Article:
And our president literally participated in professional wrestling as a heel —
Actually, he was the face character and Vince McMahon was the heel character. I don’t remember who Vince’s hired gun was for that.
'Wrestling is great preparation for the world of politics.'
The interesting thing, as Jesse Ventura can attest, is that wrestling is great preparation for the world of politics. You have so much backstage politics and infighting going on, and you figure that out in wrestling. Everyone knows the con.
Wrestling taps into a lot of populism. Why enter the world of politics as a Democrat instead of a Republican?
It would’ve been easier. I could’ve fed people a line, like Trump, especially in my area, if my only goal was getting elected.
I appreciate that you were a Bernie guy who didn’t go Bernie Or Bust, and immediately started working/voting for Clinton while reminding people that leaving the Democratic Party takes power away from all of us.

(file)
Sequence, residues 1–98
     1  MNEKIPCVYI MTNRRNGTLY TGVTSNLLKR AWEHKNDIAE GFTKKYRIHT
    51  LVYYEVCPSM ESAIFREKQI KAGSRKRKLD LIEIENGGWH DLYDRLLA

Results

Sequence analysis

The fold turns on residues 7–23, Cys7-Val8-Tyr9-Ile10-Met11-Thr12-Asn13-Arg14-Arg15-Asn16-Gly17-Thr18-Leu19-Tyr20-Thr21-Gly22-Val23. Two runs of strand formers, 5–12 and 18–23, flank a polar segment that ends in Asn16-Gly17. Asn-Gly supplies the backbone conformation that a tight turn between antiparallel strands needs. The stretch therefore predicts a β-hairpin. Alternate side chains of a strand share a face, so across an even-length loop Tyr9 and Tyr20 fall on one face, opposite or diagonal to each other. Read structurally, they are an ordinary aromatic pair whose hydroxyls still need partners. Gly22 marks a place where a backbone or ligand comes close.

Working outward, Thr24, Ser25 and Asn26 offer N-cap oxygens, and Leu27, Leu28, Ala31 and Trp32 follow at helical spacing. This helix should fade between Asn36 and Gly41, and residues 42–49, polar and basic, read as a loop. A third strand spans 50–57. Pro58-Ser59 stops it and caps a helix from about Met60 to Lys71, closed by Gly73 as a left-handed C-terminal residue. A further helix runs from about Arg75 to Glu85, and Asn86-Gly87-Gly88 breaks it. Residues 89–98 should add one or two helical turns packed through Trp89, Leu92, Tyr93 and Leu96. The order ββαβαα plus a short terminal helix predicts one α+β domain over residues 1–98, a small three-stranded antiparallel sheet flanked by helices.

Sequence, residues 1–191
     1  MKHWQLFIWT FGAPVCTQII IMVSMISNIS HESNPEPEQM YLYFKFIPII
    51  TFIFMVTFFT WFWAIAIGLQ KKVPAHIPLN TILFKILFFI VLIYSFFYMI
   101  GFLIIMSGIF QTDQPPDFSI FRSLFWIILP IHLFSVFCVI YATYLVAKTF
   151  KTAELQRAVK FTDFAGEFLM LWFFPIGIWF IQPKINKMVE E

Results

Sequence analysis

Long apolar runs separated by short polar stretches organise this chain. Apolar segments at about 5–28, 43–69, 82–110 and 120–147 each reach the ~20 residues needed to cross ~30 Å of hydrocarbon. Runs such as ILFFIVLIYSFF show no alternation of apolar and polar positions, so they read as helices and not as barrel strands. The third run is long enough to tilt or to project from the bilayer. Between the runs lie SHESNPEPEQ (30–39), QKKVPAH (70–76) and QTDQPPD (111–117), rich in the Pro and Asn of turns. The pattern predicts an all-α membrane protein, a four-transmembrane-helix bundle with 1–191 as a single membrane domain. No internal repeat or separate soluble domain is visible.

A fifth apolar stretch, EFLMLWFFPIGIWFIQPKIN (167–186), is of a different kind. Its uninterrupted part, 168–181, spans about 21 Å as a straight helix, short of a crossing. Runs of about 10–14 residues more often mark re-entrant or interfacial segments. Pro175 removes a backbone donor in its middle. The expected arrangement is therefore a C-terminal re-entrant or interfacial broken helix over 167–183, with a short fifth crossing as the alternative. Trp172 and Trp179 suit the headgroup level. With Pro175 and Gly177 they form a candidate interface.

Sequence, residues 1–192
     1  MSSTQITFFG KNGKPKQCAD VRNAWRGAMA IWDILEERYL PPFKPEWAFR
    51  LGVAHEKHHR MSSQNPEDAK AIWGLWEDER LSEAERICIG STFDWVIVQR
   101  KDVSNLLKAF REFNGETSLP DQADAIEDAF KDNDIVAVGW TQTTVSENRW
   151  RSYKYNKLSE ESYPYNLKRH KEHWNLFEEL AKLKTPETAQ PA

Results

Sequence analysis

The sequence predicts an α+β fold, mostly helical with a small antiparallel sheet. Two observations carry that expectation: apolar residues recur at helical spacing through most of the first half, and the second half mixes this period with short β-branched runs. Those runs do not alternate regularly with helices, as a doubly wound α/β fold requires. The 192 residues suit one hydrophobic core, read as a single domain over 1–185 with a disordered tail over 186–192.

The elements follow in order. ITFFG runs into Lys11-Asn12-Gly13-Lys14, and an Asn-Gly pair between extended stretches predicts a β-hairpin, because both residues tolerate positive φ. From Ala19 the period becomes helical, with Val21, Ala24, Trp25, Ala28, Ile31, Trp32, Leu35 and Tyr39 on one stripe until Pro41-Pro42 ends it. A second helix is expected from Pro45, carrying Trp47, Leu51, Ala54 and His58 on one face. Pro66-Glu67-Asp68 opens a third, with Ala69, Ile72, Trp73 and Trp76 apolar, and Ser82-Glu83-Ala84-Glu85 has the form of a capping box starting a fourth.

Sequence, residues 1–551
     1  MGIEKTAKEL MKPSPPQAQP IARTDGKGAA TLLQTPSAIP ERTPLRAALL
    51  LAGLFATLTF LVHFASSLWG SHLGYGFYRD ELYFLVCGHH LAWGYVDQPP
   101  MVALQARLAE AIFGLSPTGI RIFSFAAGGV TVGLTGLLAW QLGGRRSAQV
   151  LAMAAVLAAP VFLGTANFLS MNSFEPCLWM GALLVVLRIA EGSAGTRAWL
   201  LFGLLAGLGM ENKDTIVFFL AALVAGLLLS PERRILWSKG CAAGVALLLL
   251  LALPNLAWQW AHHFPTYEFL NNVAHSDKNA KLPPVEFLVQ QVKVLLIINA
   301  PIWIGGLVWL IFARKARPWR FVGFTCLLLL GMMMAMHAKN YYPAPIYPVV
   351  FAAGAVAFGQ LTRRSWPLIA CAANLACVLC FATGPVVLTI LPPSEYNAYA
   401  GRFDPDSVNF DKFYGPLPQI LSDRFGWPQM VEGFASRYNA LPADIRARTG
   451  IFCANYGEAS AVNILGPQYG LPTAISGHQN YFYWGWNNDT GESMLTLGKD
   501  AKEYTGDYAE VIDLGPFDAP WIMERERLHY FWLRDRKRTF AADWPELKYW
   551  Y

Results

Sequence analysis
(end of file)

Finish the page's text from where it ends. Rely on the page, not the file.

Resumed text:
Right now America only has two teams. And if you’re not on one of those teams you’re not going to get to play on the field. I need a seat at the table, because otherwise you’re throwing rocks at the building and no one can hear you.
You got ignited into politics a year before the incident that lit a fire under most people I know. What caused that?
For six to eight years I was getting into politics. I was really into Jacque Fresco, who was a Futurist who died at 101 years of age last year. He advocated for a resource-based economy instead of money so that we can provide for all mankind in a sustainable manner.